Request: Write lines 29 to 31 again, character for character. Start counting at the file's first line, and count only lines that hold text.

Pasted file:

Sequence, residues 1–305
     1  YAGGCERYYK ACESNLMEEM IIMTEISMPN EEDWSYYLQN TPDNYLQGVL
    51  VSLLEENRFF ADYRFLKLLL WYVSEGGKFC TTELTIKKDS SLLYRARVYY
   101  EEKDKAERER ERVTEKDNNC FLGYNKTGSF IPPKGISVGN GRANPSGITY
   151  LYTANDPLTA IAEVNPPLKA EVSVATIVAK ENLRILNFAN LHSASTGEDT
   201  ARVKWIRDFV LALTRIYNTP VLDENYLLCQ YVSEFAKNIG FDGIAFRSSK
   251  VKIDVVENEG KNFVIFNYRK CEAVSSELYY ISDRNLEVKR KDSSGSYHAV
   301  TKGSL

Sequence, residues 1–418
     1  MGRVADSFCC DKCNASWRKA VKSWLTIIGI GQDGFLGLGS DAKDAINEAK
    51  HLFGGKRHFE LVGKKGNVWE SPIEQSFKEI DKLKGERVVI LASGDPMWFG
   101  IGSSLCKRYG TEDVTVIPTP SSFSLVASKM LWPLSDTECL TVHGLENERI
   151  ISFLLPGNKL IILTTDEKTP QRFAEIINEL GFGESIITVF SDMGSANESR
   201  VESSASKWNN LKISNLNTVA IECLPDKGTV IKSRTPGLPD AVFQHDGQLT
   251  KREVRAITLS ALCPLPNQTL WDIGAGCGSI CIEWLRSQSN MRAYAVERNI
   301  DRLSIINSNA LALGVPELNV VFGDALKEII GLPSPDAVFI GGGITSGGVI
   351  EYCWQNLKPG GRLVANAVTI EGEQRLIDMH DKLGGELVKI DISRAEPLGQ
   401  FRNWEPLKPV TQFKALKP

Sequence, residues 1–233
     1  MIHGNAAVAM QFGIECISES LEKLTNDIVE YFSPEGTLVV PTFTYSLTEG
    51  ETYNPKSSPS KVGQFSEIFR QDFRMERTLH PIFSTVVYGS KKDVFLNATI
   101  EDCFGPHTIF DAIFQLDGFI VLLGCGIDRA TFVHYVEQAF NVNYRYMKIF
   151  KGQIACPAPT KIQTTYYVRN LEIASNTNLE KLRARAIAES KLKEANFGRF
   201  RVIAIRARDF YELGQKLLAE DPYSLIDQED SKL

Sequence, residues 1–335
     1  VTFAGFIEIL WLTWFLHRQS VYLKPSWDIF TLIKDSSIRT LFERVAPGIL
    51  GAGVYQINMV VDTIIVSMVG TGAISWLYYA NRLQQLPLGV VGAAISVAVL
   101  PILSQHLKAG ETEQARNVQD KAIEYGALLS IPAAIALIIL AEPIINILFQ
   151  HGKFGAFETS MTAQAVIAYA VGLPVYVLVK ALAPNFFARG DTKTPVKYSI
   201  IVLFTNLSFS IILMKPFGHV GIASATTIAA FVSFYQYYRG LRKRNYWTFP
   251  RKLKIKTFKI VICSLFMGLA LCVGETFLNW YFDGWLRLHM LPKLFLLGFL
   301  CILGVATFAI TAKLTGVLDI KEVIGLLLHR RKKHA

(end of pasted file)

   151  HGKFGAFETS MTAQAVIAYA VGLPVYVLVK ALAPNFFARG DTKTPVKYSI
   201  IVLFTNLSFS IILMKPFGHV GIASATTIAA FVSFYQYYRG LRKRNYWTFP
   251  RKLKIKTFKI VICSLFMGLA LCVGETFLNW YFDGWLRLHM LPKLFLLGFL